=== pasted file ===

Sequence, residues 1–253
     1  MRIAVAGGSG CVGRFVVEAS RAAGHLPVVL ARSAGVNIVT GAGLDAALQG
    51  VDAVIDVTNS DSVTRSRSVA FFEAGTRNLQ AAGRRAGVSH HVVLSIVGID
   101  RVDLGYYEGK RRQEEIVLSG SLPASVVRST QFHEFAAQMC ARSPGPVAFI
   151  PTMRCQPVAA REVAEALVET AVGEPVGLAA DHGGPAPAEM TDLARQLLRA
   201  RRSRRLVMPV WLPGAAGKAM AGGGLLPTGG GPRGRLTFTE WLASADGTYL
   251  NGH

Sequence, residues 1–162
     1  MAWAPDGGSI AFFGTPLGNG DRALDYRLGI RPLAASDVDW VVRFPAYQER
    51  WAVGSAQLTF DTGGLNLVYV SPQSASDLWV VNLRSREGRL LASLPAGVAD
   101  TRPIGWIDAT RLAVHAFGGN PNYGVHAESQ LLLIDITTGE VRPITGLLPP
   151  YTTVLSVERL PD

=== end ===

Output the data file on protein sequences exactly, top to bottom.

Sequence, residues 1–253
     1  MRIAVAGGSG CVGRFVVEAS RAAGHLPVVL ARSAGVNIVT GAGLDAALQG
    51  VDAVIDVTNS DSVTRSRSVA FFEAGTRNLQ AAGRRAGVSH HVVLSIVGID
   101  RVDLGYYEGK RRQEEIVLSG SLPASVVRST QFHEFAAQMC ARSPGPVAFI
   151  PTMRCQPVAA REVAEALVET AVGEPVGLAA DHGGPAPAEM TDLARQLLRA
   201  RRSRRLVMPV WLPGAAGKAM AGGGLLPTGG GPRGRLTFTE WLASADGTYL
   251  NGH

Sequence, residues 1–162
     1  MAWAPDGGSI AFFGTPLGNG DRALDYRLGI RPLAASDVDW VVRFPAYQER
    51  WAVGSAQLTF DTGGLNLVYV SPQSASDLWV VNLRSREGRL LASLPAGVAD
   101  TRPIGWIDAT RLAVHAFGGN PNYGVHAESQ LLLIDITTGE VRPITGLLPP
   151  YTTVLSVERL PD